The study, Blake said, identifies areas that can be improved to prevent “brain drain” and keep the “best and brightest” from moving away.
“We want the people who graduate from Mercer, from Fort Valley State, from Georgia College, to stay here,” she said.
Earlier this year, Gallup interviewed about 400 randomly selected adults age 18 or older. The interviews were about 18 minutes long and covered 86 questions.
Some of the study’s other findings included:
Ÿ The area is perceived to be most welcoming to older people and least welcoming to young college graduates. Sixty-seven percent of respondents gave a “low” rating when asked if this was a “good place for talented college graduates.”
“There’s a pervasive feeling of unwelcomeness to that group,” lead consultant Loflin said.
Mercer student Strefling, a junior from St. Marys, said some businesses make little effort to connect with the university’s student body, but at the same time he understands that students represent only a small percentage of business.
“I do enjoy living in Macon,” said Strefling, who plans to attend law school at Mercer and has a long-term lease on a home here. “I don’t feel unwelcome.”
Ÿ Openness toward gays and lesbians scored even lower: 74 percent of respondents gave the Macon area a low rating for that group.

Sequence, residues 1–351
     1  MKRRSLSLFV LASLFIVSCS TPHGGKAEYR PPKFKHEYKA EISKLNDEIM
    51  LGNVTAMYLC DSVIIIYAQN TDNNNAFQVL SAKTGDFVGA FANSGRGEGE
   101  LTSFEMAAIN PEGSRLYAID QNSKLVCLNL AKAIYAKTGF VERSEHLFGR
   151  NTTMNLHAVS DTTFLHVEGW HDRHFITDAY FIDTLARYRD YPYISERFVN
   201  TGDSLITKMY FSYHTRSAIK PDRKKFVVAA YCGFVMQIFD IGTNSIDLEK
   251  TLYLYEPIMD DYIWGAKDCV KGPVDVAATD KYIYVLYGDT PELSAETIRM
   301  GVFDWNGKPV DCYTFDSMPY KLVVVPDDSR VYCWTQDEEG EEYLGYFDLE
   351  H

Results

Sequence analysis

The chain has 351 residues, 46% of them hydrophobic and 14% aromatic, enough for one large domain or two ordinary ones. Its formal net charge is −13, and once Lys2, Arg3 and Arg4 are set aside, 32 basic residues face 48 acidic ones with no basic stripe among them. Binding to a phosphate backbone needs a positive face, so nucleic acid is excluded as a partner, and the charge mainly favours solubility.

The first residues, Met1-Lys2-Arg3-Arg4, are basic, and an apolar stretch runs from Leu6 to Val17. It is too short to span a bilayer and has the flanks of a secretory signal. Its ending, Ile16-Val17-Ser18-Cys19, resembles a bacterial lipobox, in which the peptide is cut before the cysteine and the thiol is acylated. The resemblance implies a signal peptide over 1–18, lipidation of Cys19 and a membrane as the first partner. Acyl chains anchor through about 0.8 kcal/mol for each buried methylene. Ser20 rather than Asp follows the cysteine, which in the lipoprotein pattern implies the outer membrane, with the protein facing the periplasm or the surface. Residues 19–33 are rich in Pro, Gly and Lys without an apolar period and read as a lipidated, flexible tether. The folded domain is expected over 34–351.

Ÿ Ratings of the local economy understandably were down significantly from 2008, although they still were not a key factor emotionally connecting residents to their communities.
Ÿ Crime, including violence and gangs, overwhelmingly was perceived as the most important problem facing the community. More than twice as many people as in 2008 chose crime as the most serious problem.
“You have to address the perceived problems, whether they’re real or perceived, while you’re building opportunities,” Blake said. “That’s something our leaders have to take into consideration, whether it’s with a pay scale for police officers or neighborhood policing. The people have said this is something that is of great concern.”
Both Goshorn and Strefling said they feel safe, whether it’s walking the dog or walking downtown at night.
Goshorn said poverty appears to be a bigger concern.
“I almost always am asked for money by someone when I’m pumping gas,” he said. “To some people, that translates into crime. To me, that translates into poverty.”
Ÿ Leadership also was rated significantly lower in 2009. Seventy-four percent of residents said community leaders do not represent their interests.
Ÿ A separate study of the Milledgeville area was conducted with residents of Baldwin and Hancock counties. Social offerings and aesthetics were identified as the factors most important in emotionally connecting residents. Aesthetics and education were identified as strengths of the communities, while the economy was the most important concern.
Baldwin County has been rocked during the past year by several plant closings, including the shutdown of its largest private employer, Rheem Manufacturing.
The county has also lost hundreds of state jobs, and a state youth development campus is set to close at the end of the year.
Hancock is Georgia’s poorest county according to a study done last year by the Department of Community Affairs.
In August, the county reported an unemployment rate of 17.8 percent, one of the state’s highest.
To contact writer Rodney Manley, call 744-4623.